Multi-Pollutant Planning and Control Strategies

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Multi-pollutant control programs can save money and time, and achieve significant health, environmental and economic benefits, while reducing costs and burdens on sources of air pollution.

Many pollution sources (e.g., industrial facilities) emit several different pollutants that directly cause health and environmental impacts or react in the environment to form other harmful pollutants. Some control technologies can reduce emissions of multiple pollutants. It can be more efficient to develop integrated control strategies that address multiple pollutants rather than separate strategies for each pollutant individually.

Air quality managers can consider multiple policy goals in developing an air pollution management plan. Policy goals that could be considered in such a program include: reducing concentrations of ozone, particulate matter, and hazardous air pollutants (HAPs) such as mercury; planning to address transportation and energy needs; mitigating and adapting to climate change.

Short-Lived Climate Pollutant Toolkit

EPA and the Stockholm Environment Institute (SEI) created a toolkit for developing historical emission inventories and estimating the health, climate and agricultural benefits of scenarios for mitigation of short-lived climate pollutants, like black carbon and methane.

The LEAP-IBC tool builds upon SEI's existing Long-range Energy Alternatives Planning (LEAP) system by adding the Integrated Benefits Calculator (IBC) - a simplified benefits estimation tool. It is intended for use by countries where data on local air quality may be incomplete. Find out more and see a webinar about LEAP-IBC.Exit

The toolkit also includes a customized health benefit and economic valuation tool, the Environmental Benefits Mapping and Analysis Program - Community Edition (BenMAP-CE).

Climate change and air quality

Many sources of air pollutants also are sources of greenhouse gases, including power plants and facilities associated with the production of oil and natural gas, and transportation. Control strategies exist that can both reduce air pollution and the impacts of climate change.

For example, controls for organic compounds will reduce emissions of pollutants that form ground-level ozone and also emissions of methane, a pollutant that has global warming potential. Also, measures that lessen the demand for energy (e.g., using more energy efficient products) reduce associated air pollution and carbon emissions from power plants.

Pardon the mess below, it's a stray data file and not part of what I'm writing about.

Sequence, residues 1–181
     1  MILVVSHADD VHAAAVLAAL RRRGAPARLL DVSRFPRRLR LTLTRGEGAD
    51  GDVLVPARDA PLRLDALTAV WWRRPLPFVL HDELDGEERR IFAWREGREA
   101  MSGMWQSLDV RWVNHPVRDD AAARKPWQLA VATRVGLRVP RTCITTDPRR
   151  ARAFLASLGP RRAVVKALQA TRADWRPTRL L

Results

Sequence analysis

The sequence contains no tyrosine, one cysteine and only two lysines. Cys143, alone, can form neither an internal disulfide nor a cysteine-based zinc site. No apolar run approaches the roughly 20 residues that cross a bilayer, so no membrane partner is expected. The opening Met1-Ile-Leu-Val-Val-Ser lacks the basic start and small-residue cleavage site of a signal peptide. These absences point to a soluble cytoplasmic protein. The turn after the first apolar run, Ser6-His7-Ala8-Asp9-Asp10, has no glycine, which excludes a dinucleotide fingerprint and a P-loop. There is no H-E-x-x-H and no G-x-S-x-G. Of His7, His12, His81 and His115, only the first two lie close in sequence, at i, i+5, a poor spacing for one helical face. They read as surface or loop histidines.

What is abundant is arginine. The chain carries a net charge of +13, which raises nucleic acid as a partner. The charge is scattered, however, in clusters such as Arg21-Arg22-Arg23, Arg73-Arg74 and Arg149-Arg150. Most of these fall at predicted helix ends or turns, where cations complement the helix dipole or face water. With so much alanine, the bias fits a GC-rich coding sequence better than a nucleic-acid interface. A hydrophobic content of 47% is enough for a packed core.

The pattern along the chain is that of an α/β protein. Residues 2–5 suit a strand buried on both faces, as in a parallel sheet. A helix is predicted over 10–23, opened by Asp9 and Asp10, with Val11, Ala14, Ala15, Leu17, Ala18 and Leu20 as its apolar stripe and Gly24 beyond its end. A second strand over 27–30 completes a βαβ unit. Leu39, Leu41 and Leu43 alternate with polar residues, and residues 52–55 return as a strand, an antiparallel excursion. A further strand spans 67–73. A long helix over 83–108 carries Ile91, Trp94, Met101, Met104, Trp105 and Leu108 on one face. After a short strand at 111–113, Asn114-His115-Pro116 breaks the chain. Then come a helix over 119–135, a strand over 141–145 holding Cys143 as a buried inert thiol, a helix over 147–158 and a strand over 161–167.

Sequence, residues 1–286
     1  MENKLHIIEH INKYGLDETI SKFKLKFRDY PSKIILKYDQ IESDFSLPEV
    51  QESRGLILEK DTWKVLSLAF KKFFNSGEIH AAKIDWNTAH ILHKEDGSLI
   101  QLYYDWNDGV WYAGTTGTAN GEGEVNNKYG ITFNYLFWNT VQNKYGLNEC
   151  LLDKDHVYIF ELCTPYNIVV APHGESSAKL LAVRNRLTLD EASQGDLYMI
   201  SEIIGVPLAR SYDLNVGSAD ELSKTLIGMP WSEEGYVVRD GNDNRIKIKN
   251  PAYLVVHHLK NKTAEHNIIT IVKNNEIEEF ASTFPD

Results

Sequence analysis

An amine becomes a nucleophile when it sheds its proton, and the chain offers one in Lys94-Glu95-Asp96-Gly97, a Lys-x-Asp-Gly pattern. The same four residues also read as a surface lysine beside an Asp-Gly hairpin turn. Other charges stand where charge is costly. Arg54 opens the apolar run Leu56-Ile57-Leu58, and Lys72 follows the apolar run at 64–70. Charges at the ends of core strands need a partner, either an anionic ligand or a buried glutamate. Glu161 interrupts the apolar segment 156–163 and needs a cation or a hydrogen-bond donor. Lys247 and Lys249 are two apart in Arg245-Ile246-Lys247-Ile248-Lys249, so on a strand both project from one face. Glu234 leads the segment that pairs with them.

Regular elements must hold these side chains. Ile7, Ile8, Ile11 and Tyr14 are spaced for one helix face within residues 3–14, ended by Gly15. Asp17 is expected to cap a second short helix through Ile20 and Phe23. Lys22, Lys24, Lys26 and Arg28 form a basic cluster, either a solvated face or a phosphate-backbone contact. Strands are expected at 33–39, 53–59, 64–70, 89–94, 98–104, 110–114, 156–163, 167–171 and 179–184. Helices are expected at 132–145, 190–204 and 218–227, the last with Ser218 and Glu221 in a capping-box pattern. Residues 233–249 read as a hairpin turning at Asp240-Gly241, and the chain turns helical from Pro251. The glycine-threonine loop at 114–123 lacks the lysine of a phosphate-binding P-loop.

Black carbon is a component of fine particulate matter that has climate warming properties. Sources of emissions include diesel engines and brick kilns. Because fine particle pollution has harmful health effects, controlling emissions of black carbon from these and other sources can have positive impacts on both health and climate.

More resources on EPA activities at the nexus of climate change and air quality:

Multi-pollutant planning examples

EPA’s Clean Air Act Advisory Committee (CAAAC) recommended that EPA allow states to integrate planning requirements and other air quality goals into a comprehensive plan. The recommended plan would demonstrate attainment and maintenance of multiple national ambient air quality standards (NAAQS), accomplish sector-based reductions, realize risk reductions of HAPs and make improvements in visibility. It could also be structured to integrate programs addressing land use, transportation, energy and climate.

EPA has encouraged states to take a multi-pollutant approach to managing air quality. North Carolina, New York and the City of St. Louis (involving both Missouri and Illinois) participated in an EPA-led pilot effort to develop multi-pollutant air quality management plans. EPA continues to work with interested state and local agencies on multi-pollutant risk-based analyses.

More on these efforts and other examples: